Oct 4 Lancet Infect Dis abstract
Oct 4 Lancet Infect Dis commentary
Study finds stewardship intervention early in hospital stay may pay off
A single-center study in Japan determined that an intervention from an antimicrobial stewardship team earlier in a hospital stay was associated with significantly fewer antibiotics prescribed, a lower incidence of antimicrobial resistance, and reduced costs, according to a study yesterday in the International Journal of Infectious Diseases.
The retrospective study was conducted at Fukuoka University Hospital from April 2013 through March 2016. The researchers compared data among three study periods (SPs): SP1 (patients receiving antibiotics against methicillin-resistant Staphylococcus aureus and carbapenems for 14 or more days), SP2 (patients receiving specific antimicrobials for 14 or days), and SP3 (patients receiving specific antimicrobials regardless of the duration of treatment). The average timing of stewardship interventions ranged from 15.5 days after hospital admission in SP1 to 4.2 days in SP3.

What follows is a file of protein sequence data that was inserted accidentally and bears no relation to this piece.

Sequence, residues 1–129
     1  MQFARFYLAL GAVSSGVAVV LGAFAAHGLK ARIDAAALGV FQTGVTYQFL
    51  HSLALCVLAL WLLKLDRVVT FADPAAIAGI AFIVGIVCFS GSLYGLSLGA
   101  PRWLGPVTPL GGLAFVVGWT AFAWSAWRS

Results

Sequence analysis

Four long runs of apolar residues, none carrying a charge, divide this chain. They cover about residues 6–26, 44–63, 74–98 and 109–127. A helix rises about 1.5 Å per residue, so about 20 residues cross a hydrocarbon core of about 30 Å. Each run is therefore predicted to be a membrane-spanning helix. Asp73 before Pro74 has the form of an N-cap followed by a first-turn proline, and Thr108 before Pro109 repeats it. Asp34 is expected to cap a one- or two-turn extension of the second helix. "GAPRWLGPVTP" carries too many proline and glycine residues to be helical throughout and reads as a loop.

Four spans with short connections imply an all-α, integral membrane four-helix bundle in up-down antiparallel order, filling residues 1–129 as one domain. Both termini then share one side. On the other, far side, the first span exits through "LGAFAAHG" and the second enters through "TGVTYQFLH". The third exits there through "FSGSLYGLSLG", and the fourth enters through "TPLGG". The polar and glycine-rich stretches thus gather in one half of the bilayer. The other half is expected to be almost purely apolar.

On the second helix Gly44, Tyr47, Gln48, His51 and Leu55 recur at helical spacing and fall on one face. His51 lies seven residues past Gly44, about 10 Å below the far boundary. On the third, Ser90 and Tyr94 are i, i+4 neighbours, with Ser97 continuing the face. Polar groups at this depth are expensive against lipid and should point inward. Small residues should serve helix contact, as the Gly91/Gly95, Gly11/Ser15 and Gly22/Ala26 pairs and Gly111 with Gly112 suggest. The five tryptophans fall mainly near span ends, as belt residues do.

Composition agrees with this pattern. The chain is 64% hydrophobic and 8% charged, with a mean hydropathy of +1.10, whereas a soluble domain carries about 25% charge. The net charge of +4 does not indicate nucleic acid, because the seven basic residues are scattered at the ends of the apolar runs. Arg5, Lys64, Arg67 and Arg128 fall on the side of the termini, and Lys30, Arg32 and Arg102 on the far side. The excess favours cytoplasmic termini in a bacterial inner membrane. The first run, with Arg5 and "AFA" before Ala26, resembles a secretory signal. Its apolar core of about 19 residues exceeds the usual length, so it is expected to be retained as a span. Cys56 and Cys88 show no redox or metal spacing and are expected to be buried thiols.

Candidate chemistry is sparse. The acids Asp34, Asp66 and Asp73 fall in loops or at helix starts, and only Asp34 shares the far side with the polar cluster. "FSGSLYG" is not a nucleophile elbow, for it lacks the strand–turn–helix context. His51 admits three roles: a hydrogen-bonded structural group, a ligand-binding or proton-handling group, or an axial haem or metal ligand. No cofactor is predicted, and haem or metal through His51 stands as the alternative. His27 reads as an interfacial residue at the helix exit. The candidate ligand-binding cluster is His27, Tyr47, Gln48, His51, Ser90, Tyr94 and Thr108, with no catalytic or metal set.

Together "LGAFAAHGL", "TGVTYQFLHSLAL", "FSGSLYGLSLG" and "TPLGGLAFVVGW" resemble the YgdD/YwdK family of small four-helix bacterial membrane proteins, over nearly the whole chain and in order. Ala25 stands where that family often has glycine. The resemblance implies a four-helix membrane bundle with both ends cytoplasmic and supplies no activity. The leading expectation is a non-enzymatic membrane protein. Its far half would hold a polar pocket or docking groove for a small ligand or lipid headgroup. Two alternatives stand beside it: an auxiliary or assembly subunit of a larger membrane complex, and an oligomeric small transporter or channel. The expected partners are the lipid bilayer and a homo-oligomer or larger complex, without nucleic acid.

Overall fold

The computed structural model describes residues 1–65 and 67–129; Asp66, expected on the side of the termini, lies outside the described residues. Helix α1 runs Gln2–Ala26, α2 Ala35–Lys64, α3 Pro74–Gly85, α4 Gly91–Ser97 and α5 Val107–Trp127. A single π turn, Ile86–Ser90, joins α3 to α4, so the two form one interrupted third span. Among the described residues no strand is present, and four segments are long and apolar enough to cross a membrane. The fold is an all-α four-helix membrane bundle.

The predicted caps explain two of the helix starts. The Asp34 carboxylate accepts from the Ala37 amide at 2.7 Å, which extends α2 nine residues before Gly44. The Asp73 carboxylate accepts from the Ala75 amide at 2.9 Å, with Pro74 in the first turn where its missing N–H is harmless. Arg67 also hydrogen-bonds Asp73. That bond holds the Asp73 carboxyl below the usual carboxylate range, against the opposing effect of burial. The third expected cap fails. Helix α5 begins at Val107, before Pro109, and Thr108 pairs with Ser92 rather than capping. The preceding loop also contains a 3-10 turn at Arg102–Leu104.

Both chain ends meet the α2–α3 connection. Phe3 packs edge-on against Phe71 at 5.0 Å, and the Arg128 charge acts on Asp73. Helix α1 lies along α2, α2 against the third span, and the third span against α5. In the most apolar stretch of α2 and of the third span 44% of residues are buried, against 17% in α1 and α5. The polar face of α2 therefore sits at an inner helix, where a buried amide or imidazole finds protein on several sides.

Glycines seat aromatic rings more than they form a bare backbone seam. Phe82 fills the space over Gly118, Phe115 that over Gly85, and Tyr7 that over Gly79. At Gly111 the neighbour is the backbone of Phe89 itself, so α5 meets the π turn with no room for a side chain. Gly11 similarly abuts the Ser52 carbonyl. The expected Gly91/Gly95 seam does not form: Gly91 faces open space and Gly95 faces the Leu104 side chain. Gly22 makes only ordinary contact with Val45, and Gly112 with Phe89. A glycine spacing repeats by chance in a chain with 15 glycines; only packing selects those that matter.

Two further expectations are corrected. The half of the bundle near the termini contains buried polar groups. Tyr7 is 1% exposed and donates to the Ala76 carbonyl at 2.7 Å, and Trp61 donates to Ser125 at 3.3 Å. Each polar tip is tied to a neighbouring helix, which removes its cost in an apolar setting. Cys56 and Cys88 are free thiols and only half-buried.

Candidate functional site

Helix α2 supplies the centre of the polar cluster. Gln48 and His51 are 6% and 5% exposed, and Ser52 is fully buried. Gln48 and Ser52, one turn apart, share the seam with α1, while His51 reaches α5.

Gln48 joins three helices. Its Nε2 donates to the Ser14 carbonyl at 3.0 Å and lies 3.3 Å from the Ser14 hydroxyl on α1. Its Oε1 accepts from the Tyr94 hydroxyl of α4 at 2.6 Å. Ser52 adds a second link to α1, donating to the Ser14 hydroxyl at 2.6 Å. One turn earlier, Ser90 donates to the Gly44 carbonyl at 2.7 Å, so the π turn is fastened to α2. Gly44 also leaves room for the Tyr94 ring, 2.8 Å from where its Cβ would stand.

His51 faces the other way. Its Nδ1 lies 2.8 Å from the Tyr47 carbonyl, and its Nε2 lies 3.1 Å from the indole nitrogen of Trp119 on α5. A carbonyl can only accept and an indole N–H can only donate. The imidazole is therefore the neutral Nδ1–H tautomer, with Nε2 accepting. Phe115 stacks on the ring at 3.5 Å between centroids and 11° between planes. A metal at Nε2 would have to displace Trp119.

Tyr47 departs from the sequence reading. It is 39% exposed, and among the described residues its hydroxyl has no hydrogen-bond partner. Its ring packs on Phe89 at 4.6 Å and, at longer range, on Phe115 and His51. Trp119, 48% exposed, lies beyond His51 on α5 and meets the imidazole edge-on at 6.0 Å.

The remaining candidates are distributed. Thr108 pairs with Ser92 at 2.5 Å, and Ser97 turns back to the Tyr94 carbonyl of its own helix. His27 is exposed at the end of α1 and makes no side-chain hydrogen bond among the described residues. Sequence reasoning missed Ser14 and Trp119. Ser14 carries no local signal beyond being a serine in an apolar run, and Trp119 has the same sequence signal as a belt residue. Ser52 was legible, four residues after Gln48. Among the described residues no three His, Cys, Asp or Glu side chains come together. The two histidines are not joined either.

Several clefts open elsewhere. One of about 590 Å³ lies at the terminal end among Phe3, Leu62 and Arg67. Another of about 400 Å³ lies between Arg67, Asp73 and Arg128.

The investigators determined that the antimicrobial use density of carbapenems and piperacillin-tazobactam decreased significantly (SP2 vs. SP3, P < 0.05), and the costs of specific antimicrobials decreased (SP1, $1,080,000; SP2, $944,000; SP3, $763,000). The rates of carbapenem resistance among Pseudomonas aeruginosa isolates showed a significant reduction from 16.2% in SP2 to 8.7% in SP3 (P < 0.05). The mortality rate and length of stay did not change during the study period.
Oct 4 Int J Infect Dis abstract